Fixed wireless in rural areas costs three times the price in urban areas

Spark charges unlucky rural customers almost three times as much as city dwellers for fixed wireless broadband.

The banner price for Spark’s daily wireless plan is $60 per month. For this you benefit from 4G fixed wireless broadband and unlimited data. There are contracts, but you can get an open-ended contract, which means you can go anywhere else whenever you want without penalty.

Meanwhile, Spark’s Naked Rural Wireless plan costs $176 per month if you use an antenna and $166 if you don’t.

Naked Rural Wireless is built on the same 4G technology as the Everyday Wireless plan.

Rural Fixed Wireless Data Caps

There is a data cap of 300 GB. If you want more data, it costs a dollar per gigabyte.

To get Naked Rural Wireless, you must sign a 24 month contract. If you want to leave before the end of the contract, you will be charged an early termination fee of $350.

Vodafone offers an unlimited 4G wireless broadband plan for $65 per month for urban customers. She sells rural plans through her Farm side
subsidiary company. A rural plan with a 200GB data cap costs $166 per month. Additional data is $20 for 15GB.

Broadband competition

In cities and towns, Spark and Vodafone sell fixed wireless broadband in direct competition with fiber and copper-based broadband services.

Although there may be competition in rural areas, this is not always the case. Indeed, there are places where Spark and Vodafone have a local broadband monopoly.

To be fair. It costs more to provide telecommunications services to rural areas. There are more fruits within easy reach in urban areas.

Yet it does not cost three times as much to serve a rural customer. In many cases, a government grant has helped pay for the construction of rural towers.

Wireless Internet Service Providers

Wireless Internet Service Providers or Wisps offers rural services in competition with Spark and Vodafone-Farmside.

They are generally small regional players. This makes it difficult to directly compare their prices with Spark and Vodafone-Farmside,

Yet, in some locations, they may offer a similar fixed wireless product for less.

As of this writing, Taranaki-based Primo has a $99 rural wireless plan with 250GB. The company’s unlimited plan is $149.

Filling gaps in rural broadband coverage

Wisps, do a great job filling the gaps in rural broadband coverage. Anecdotally, they are more popular with customers than the big telecom operators and are more flexible.

Prices for fixed telecommunications services are the same throughout New Zealand. This applies to the UFB fiber network and the copper telephone network.

The idea that everyone pays the same price is part of the Telecommunications Act. In legal terms it is known as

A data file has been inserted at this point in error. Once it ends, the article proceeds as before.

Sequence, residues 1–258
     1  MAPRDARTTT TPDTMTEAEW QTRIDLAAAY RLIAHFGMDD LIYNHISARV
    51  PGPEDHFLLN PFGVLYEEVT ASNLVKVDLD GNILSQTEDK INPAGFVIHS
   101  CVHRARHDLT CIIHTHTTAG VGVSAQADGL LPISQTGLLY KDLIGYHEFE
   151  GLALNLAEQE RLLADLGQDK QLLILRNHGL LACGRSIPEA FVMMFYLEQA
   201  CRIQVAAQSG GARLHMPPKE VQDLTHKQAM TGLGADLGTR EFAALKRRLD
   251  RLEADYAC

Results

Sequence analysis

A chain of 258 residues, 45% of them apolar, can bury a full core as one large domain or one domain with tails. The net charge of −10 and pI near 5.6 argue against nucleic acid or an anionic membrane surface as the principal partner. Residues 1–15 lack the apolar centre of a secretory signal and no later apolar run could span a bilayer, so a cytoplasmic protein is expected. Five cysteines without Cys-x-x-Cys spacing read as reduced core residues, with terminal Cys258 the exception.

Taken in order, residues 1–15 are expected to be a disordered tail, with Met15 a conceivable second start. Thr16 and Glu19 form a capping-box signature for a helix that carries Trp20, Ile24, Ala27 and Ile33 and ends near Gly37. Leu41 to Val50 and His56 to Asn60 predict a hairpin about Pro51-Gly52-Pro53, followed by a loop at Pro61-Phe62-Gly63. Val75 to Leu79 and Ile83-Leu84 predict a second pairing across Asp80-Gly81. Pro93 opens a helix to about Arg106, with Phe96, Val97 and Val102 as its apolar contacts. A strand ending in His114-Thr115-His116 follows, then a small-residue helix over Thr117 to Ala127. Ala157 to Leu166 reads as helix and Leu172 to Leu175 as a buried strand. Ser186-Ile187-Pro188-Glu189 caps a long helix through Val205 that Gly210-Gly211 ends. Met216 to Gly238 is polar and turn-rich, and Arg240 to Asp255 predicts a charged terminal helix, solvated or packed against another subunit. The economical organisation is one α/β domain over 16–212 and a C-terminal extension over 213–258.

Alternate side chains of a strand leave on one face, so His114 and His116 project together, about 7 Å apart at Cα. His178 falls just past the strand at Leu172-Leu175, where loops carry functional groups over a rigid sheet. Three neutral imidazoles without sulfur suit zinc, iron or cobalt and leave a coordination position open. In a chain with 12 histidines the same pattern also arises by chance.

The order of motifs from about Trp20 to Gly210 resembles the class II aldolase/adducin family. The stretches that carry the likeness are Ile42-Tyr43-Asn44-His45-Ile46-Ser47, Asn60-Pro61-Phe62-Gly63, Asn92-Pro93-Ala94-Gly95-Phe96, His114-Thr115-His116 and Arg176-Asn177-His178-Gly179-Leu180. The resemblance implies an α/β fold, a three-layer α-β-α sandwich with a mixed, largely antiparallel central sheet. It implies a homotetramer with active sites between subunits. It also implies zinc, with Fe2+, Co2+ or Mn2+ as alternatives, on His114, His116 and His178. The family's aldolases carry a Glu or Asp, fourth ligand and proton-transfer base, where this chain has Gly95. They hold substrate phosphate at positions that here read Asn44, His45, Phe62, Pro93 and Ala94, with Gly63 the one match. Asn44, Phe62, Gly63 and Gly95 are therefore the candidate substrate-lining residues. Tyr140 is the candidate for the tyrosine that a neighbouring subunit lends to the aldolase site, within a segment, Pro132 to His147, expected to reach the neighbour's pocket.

no discrimination.

Another important idea is known as equivalence.

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Simply put, non-discrimination and equivalence means that network operators cannot play favorites. They cannot favor partners or wholesale customers, even if they are part of the same company.

Chorus must give the Crown commitments of equivalence and non-discrimination on its copper network. All fiber companies do the same on the UFB network.

There are similar commitments for the Rural Broadband Initiative covering Chorus, Vodafone and the Rural Connectivity Group. There is no commitment for Wisps.

This is because Vodafone cannot charge other telecom operators more to use its rural towers than it charges its own retail company. This should promote competition.

Fierce competition in cities

As things stand at the start of 2022, competition for urban broadband is intense. Prices are reduced, margins are lower and customers enjoy good deals.

Outside the city, the competition may be less intense. In many rural areas, there is a limited range of options, if any. And clients may need to join a waitlist to get a connection.

New competition from satellites in low earth orbit like Starlink will shake up the market. We don’t see that having a huge impact yet. Give it time.

The government could provide many rural customers with better broadband options by expanding the fiber footprint. Soon, New Zealand’s UFB fiber network will reach 87% of the population. Realistically, the fiber footprint could expand further, say to 92% or more.

It will cost money, but it would be a powerful investment in nation building. We managed to pay the bill by building a New Zealand-wide copper network when there was a lot less money.

Yet for now, unlucky rural fixed wireless broadband customers have to pay three times as much, can consume less data, and face stiffer contracts than their urban cousins. We can solve this problem.

Fixed wireless in rural areas costs three times the price in urban areas was first published on

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